Sciatic pain comes in different forms- some people report a stabbing pain in the lower back, while others feel areas of tingling or numbness down the leg.
The sciatic nerve comes out of the spine and runs down through the hips and down the legs, the ankle and into the feet. The nerve functions as an electrical conduit for most of the leg and foot. It sends information from the leg to the brain, as well as instructions from the brain to the leg. This is a really busy nerve.
What causes sciatica?
I am going to split this blog into two sections. Section one constitutes bone/disk issues, and section two, muscular issues.
- A bulging or ruptured disk. In this case the spine presses against the nerve. Treatment for this can be fairly complex and can range from surgery through to intensive physiotherapy.
- A narrowing of the spinal canal known as spinal stenosis.
- Bone spurs. Bone spurs are small bony growths that form along joints. These can be caused by arthritis. The spur can place pressure on the nerve.
- Certain tumors can place pressure on the nerve.
The above list constitute fairly serious medical conditions, and need to be looked at by medical professionals. An X ray or MRI will inevitably be ordered. The typical route would be to chat to your GP and get a referral to an orthopedic specialist.
Any form of surgery in this area will always be tricky. Do your homework when it comes to picking a specialist. Further comment on spinal issues such as these is beyond the scope of this blog.
The sciatic nerve as it passes through the hip area is roughly the width of your thumb. The most common form of sciatica that I see is from people who have tight muscles that put pressure on the nerve. In these cases the nerve is situated between the ischial tuberosity, (sit bone) and the greater trochanter (that is at the top of your femur and is typically felt as a bump on the outside of the hip).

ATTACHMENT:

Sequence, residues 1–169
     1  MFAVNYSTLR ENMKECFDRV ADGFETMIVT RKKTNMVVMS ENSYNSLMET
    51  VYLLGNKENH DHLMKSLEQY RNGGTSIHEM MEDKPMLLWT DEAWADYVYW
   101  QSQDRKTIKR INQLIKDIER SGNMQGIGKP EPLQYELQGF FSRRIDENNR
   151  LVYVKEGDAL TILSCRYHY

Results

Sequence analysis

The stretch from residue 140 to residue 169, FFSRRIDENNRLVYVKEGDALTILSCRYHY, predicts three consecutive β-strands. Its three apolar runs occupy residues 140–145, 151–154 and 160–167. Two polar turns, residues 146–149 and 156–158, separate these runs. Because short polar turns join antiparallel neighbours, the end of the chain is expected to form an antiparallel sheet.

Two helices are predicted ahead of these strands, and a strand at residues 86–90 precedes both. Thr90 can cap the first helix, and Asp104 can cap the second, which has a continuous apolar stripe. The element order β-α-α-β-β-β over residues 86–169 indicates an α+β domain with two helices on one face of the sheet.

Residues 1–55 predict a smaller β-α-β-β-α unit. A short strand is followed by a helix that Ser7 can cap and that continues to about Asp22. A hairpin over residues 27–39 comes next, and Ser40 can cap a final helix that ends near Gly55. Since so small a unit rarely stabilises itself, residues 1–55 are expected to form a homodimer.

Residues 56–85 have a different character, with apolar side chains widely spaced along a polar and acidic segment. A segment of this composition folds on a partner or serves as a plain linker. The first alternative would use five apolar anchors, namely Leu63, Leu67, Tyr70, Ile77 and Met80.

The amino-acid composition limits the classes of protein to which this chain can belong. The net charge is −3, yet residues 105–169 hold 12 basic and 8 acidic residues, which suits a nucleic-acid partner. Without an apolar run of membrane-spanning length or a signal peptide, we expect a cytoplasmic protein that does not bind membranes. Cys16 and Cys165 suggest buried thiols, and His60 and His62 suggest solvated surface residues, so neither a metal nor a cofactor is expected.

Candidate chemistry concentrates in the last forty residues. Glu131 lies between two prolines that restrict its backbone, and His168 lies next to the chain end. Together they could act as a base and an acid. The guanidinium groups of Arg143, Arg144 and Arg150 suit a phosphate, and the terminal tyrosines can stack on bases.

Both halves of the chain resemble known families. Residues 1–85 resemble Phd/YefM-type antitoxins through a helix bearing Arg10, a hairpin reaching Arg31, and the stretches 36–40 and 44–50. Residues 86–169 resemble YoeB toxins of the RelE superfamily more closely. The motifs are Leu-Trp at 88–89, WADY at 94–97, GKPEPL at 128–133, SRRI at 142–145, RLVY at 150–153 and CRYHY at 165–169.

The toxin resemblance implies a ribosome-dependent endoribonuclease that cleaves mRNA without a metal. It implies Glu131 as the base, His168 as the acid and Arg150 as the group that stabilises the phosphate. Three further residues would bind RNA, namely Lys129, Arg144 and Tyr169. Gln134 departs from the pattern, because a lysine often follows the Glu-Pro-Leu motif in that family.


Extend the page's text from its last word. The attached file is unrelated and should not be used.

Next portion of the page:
There are two muscles that can tighten over the muscle and hence cause all sorts of mischief.
I have written an article on the muscle. You can click here for more info – Piriformis problems. The graphic below will give you an idea of how the piriformis muscle can tighten over the sciatic nerve.
You have 3 Hamstrings muscles per leg. Two stem from your sit bones and run past the inside back of your knee to the tibia and one, biceps femoris, runs from same spot down the outside back of the knee to the tibia. The nerve can get pinned down from the long head of the biceps femoris muscle. The nerve runs along the biceps femoris for a longer distance than the crossover section of the piriformis.
So, one should always look to free up the hamstring in question when it comes to this form of sciatica. Cognizance should be take to the fact that you might be suffering from tightening in two places, that of the piriformis and hamstring.
Sciatic pain must be taken seriously- if in doubt check it out. Any form of spinal failure must be dealt with properly. Do your research, go for a second medical opinion, you only have one spine.
Should the sciatic pain not emanate from the spine but rather from tightened muscles make sure to get both the piriformis and hamstring released. Click here for more details on what we offer – Massage at SBR Sport
Stretch on a regular basis. Here are stretches you can do for your piriformis and for hamstring muscles.
Piriformis stretch –
Hamstring stretch –
Keep your core strong. Sitting, driving, slouching, dropping your head to read your cell etc are recipes for spinal disaster. I believe that movement is your primary key to health.